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The COVID-19 crisis and the US labour market: Rising inequality and precariousness in perspective

By Christophe Blot

In the United States as in France, the COVID-19 crisis has led to numerous measures restricting economic activities intended to limit the spread of the virus. The result will be a fall in GDP, which is already showing up in figures for the first quarter of 2020, and which will be much steeper in the second quarter. In a country noted for its weak employment protection, this unprecedented recession is quickly having repercussions on the labour market, as reflected in the rise in the unemployment rate from a low point of 3.5% in February to 14.7% in April, a level not seen since 1948. As Bruno Ducoudré and Pierre Madec have recently demonstrated in the case of France, the current crisis in the United States should also result in heightened inequalities and insecurity. And the shock will be all the greater in the US since the social safety net is less extensive there.

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What can we learn from the Finnish experiment with a universal income?

By Guillaume Allègre

Between 2017 and 2018, Finland conducted an experiment with universal income that gave rise to significant media coverage. 2,000 unemployed people receiving the basic unemployment benefit (560 euros per month) received the same amount in the form of unconditional income, which could be combined with income from work for the duration of the experiment (2 years, not renewable). On 6 May 2020, the final report evaluating the experiment was published (here is a summary of the results). The evaluators concluded that the experimental universal income had moderate positive effects on employment and positive effects on economic security and mental health. According to the final report, on average individuals in the treatment group worked approximately 6 additional working days (they worked 78 days). They experienced significantly less mental stress, depression and loneliness, and their cognitive functioning was perceived as better. Life satisfaction was also significantly higher. The results of the experiment therefore seem to argue in favour of a universal income. But is it really possible to draw lessons from the experiment with a view to generalizing the system? In 2018, I wrote that experimenting with universal income was “impossible“. Does the Finnish experience contradict this claim? It turns out that it is indeed difficult to draw lessons.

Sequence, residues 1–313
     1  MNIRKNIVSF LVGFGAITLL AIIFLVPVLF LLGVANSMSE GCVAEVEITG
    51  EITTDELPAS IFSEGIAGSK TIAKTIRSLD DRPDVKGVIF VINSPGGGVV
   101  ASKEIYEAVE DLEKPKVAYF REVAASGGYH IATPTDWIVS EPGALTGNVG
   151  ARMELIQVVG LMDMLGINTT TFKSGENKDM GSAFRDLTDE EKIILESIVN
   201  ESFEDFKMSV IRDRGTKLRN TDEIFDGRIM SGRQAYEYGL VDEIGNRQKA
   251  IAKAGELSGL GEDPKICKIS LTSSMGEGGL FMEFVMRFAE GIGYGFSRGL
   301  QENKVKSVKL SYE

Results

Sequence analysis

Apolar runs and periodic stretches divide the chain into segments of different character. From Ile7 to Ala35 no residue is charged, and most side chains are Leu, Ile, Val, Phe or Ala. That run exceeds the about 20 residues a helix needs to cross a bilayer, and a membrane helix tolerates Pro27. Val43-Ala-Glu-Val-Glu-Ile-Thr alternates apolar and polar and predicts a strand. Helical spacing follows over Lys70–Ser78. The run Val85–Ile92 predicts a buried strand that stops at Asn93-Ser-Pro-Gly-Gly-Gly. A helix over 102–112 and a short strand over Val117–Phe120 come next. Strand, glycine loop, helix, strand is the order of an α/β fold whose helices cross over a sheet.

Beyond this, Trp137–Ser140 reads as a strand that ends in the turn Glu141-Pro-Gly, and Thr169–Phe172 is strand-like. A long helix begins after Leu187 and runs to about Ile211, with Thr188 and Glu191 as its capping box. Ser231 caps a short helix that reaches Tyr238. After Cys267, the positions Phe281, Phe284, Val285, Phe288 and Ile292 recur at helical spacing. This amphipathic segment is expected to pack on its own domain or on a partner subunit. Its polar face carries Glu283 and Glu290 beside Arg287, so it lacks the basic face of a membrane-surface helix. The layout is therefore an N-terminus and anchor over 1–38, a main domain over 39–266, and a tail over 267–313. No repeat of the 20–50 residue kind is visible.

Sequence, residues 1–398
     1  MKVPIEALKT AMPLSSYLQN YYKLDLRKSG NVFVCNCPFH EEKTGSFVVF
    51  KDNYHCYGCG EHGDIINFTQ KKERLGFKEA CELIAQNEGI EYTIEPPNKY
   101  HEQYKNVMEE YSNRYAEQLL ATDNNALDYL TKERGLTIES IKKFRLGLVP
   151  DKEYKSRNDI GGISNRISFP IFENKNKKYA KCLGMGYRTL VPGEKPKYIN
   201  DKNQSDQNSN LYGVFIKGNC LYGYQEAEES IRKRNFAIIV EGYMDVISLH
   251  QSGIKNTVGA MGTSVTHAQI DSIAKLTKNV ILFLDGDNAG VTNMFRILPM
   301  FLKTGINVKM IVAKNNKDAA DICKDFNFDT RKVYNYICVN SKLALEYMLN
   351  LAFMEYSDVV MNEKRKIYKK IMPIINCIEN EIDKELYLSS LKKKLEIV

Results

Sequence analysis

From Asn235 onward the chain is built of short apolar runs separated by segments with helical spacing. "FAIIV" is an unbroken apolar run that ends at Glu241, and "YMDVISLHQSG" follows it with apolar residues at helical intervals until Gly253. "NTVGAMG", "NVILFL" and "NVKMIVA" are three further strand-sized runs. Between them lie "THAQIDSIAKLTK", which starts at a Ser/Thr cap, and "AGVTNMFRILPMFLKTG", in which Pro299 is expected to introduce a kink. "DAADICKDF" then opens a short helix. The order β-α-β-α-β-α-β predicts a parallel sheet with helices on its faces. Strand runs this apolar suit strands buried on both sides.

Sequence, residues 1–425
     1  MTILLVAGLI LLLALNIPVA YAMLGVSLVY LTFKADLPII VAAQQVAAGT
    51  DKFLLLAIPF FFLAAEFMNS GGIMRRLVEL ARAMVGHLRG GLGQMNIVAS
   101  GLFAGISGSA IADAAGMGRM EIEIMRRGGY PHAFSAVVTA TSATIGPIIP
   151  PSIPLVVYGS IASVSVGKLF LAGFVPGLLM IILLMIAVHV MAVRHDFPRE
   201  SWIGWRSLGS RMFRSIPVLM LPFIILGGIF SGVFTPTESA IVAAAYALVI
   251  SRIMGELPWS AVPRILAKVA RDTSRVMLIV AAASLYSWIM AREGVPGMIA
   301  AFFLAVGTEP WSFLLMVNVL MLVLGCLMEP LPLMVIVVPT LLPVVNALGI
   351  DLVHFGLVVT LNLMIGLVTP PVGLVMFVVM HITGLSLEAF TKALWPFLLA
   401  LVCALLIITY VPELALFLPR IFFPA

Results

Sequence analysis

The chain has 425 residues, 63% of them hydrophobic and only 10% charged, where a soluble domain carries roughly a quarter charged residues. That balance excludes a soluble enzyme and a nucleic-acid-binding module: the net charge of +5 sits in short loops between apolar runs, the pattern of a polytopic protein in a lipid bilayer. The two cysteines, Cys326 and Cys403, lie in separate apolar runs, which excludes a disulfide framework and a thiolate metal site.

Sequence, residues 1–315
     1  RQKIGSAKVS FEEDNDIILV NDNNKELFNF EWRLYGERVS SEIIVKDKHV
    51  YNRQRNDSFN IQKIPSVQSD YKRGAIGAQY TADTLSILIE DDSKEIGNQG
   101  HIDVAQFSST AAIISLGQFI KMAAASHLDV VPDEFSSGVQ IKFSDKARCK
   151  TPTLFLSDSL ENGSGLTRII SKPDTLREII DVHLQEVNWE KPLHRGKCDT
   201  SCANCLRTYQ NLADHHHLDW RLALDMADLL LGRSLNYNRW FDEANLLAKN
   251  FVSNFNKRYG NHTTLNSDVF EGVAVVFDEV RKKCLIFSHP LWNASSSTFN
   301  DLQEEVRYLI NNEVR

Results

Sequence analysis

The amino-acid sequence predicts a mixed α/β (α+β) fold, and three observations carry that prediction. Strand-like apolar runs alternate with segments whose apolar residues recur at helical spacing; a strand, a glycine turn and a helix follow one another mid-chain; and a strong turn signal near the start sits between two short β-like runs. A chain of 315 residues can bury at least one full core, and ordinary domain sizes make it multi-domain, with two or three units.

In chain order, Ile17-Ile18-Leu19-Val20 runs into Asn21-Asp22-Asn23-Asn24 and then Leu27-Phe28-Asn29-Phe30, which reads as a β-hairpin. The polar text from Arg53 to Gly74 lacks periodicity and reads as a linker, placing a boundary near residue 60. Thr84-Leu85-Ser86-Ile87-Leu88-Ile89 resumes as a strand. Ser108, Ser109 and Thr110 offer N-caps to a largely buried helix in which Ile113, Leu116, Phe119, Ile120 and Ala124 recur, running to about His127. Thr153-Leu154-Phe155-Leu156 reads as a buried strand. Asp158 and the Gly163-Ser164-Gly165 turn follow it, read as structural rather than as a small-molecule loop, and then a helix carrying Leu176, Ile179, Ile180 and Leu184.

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It seems like it’s raining billions

Jérôme CreelXavier Ragot, and Francesco Saraceno

The second meeting of the Eurogroup did the trick. The Ministers of Finance, after having once again laid out their divisions on the issue of solidarity between euro area Member States on Tuesday 7 April 2020, reached an agreement two days later on a fiscal support plan that can be put in place fairly quickly. The health measures taken by the Member States to limit the spread of the Covid-19 pandemic will enjoy better short-term financing, which is good news. The additions to Europe’s tools for dealing with the crisis will be on the order of 500 billion euros – this is certainly not negligible, and note that this comes on top of the efforts already put in place by governments – but this corresponds mainly to a new accumulation of debt by the Member States. The net gain for each of them, as we shall see, is actually quite marginal.

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Does the fall in the stock market risk amplifying the crisis?

By Christophe Blot and Paul Hubert

The Covid-19 crisis will inevitably plunge the global economy into recession in 2020. The first available indicators – an increase in the unemployment rolls and in partial unemployment – already reveal an unprecedented collapse in activity. In France, the OFCE’s assessment suggests a 32% cut in GDP during the lockdown. This fall is due mainly to stopping non-essential activities and to lower consumption. The shock could, however, be amplified by other factors (including rises in some sovereign rates, falling oil prices, and capital and foreign exchange movements) and in particular by the financial panic that has spread to the world’s stock exchanges since the end of February.